was found to be 13.8+0.55%w/w. What
is the critical value for us in deciding on conformity in this particular case
with the usual 95% confidence level? Can we declare the result of 13.8%w/w found
to be in conformity with specification referencing to its given tolerance limit
of 13.5%w/w?

Let us first see how the critical value is estimated. In hypothesis testing, we make the following hypotheses:

H_{o} : Target tolerance value > 13.5%w/w

H_{1} : Target tolerance value < 13.5%w/w

Use the following equation with an assumption that the variation of the laboratory analysis result agrees with the normal or Gaussian probability distribution:

where

*mu* is the tolerance value for the specification, i.e. 13.5%,

* x(bar)* , the critical value with 95% confidence (alpha- = 0.05),

*z*, the *z* -score
of -1.645 for H_{1}’s one-tailed test, and

*u*, the standard uncertainty of the test, i.e. *U*/2 = 0.55/2 or 0.275

By calculation, we have the critical value *x(bar)* = 13.95%w/w, which, statistically speaking, was not significantly different from 13.5%w/w with 95% confidence.

Assuming
the measurement uncertainty remains constant in this measurement region, such
13.95%w/w *minus* its lower uncertainty
*U* of 0.55%w/w would give 13.40% which has
(13.5-13.4) or 0.1%w/w K_{2}O amount below the lower tolerance limit,
thus exposing some 0.1/(2×0.55) or 9.1% risk.

When
the reported test result of 13.8%w/w has an expanded *U* of 0.55%w/w, the range of measured values
would be 13.25 to 14.35%w/w, indicating that there would be (13.50-13.25) or 0.25%w/w
of K_{2}O amount below the lower tolerance limit, thus exposing some 0.25/(2×0.55)
or 22.7% risk in claiming conformity to the specification limit with reference
to the tolerance limit given.

Visually, we can present these situations in the following sketch with *U *= 0.55%w/w:

The fertilizer laboratory manager thus has to make an informed decision rule on what level of risk that can be bearable to make a statement of conformity. Even the critical value of 13.95%w/w estimated by the hypothesis testing has an exposure of 9.1% risk instead of the expected 5% error or risk. Why?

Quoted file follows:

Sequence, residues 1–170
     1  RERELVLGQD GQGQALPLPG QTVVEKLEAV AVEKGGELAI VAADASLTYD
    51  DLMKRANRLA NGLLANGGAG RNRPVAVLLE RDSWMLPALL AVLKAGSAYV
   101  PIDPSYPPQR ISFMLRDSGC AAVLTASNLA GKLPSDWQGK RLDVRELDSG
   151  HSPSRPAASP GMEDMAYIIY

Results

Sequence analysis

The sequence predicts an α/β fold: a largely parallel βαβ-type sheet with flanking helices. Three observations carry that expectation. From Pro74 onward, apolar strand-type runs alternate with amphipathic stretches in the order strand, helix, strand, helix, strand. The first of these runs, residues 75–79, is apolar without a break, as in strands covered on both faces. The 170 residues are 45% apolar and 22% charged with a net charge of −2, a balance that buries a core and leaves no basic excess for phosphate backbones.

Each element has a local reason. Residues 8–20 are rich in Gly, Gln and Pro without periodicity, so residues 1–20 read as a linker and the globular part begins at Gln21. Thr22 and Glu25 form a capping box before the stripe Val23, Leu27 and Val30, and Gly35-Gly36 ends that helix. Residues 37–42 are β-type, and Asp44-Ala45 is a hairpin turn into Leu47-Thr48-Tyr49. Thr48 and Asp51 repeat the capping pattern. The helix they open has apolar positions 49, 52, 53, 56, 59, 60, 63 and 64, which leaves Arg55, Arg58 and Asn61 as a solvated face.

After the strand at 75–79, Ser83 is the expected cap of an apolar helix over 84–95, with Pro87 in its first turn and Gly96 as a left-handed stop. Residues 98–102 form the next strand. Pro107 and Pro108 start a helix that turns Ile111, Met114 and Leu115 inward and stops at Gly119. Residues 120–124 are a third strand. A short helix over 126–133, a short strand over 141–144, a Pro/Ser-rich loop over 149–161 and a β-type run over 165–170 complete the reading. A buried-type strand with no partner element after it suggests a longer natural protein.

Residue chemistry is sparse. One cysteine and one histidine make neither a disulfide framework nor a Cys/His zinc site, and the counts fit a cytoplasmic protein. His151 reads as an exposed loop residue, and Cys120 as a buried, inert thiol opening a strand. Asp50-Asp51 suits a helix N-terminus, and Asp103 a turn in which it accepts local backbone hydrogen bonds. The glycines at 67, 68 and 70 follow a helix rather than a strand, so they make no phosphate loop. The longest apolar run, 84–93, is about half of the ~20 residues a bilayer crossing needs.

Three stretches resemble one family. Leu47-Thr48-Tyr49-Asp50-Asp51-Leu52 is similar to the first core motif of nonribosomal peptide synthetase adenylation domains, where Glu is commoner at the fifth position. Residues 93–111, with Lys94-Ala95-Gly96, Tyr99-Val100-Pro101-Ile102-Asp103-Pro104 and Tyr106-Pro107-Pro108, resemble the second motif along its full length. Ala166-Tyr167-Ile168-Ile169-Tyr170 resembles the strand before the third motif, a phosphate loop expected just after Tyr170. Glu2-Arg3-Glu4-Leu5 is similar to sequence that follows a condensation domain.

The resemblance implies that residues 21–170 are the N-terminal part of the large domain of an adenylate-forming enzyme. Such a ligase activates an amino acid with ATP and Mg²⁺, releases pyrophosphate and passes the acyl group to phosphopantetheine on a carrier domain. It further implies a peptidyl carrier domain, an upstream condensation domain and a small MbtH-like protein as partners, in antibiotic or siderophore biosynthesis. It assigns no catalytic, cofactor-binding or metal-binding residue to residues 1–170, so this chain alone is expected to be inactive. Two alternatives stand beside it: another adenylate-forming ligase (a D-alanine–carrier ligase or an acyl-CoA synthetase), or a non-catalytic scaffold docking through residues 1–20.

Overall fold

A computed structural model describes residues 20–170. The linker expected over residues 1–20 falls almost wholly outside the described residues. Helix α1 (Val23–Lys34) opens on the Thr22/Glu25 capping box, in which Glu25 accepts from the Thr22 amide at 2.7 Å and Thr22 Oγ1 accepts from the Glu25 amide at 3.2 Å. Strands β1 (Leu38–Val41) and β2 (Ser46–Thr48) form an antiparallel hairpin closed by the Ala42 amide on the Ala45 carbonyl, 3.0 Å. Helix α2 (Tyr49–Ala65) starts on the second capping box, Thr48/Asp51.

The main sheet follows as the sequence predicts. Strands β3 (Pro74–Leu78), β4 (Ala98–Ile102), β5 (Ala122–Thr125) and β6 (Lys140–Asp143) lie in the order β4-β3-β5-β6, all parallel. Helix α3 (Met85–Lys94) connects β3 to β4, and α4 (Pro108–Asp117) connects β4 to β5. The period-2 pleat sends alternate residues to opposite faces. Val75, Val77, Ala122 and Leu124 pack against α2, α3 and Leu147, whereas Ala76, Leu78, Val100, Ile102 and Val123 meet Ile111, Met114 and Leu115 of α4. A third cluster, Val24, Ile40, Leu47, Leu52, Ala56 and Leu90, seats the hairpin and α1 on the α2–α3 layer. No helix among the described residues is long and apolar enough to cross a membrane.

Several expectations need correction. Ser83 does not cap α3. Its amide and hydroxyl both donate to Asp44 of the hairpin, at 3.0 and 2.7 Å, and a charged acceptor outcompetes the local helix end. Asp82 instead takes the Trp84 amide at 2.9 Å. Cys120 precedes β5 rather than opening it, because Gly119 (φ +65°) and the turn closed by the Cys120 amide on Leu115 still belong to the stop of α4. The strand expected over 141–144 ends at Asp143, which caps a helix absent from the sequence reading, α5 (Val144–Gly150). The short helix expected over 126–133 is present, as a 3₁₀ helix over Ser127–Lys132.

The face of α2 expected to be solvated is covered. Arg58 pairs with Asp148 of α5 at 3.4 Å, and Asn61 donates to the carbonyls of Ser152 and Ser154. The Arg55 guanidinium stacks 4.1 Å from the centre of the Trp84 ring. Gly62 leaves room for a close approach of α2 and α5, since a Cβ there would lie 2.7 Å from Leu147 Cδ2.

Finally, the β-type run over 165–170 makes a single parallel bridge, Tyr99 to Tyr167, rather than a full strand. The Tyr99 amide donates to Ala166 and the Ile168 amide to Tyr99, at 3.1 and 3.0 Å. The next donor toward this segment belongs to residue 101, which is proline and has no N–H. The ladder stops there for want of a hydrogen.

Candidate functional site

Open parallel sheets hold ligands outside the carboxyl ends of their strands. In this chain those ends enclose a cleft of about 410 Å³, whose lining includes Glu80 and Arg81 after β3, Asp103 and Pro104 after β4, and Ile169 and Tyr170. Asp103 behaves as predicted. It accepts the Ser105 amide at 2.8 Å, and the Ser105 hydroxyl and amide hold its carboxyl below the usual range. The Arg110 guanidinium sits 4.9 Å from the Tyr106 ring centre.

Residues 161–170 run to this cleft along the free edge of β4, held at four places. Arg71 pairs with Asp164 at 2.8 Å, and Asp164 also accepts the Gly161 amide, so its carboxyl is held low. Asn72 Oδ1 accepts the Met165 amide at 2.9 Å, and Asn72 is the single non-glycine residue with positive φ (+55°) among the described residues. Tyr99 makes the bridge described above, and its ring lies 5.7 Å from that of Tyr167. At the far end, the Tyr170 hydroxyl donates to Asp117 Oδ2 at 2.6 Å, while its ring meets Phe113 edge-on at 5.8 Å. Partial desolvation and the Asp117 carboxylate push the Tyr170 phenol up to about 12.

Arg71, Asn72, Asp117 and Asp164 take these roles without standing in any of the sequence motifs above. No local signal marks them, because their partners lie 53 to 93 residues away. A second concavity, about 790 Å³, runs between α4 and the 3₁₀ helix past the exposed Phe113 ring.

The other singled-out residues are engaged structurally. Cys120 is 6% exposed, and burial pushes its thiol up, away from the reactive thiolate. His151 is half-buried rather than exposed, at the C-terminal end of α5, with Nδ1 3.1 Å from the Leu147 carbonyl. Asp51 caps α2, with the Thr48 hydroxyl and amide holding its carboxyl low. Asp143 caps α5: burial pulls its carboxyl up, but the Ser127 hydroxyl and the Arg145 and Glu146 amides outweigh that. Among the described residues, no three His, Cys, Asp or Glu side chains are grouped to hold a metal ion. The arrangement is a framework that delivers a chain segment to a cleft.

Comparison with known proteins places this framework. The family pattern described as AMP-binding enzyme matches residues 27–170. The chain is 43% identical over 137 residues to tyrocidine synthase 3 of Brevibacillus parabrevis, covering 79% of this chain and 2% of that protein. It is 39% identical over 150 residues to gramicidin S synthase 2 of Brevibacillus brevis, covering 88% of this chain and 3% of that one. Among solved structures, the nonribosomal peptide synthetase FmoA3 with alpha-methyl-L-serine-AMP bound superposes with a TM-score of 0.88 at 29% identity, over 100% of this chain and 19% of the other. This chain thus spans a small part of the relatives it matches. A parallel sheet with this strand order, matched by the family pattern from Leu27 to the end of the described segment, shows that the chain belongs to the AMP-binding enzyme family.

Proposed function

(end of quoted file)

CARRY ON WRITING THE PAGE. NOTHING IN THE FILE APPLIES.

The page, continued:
The reason is that the measurement uncertainty was traditionally evaluated by two-tailed (alpha- = 0.025) test under normal probability distribution with a coverage factor of 2 whilst the hypothesis testing was based on the one-tailed (alpha- = 0.05) test with a z-score of 1.645.

To reduce the risk of testing laboratory in issuing statement of conformity to zero, the laboratory manager may want to take a safe bet by setting his critical reporting value as (13.5%+0.55%) or 14.05%w/w so that its lower uncertainty value is exactly 13.5%w/w. Barring any evaluation error for its measurement uncertainty, this conservative approach will let the test laboratory to have practically zero risk in issuing its conformity statement.

It may be noted that the ISO/IEC 17025:2017 requires the laboratory to communicate with the customers and clearly spell out its decision rule with the clients before undertaking the analytical task. This is to avoid any unnecessary misunderstanding after issuance of test report with a statement of conformity or non-conformity.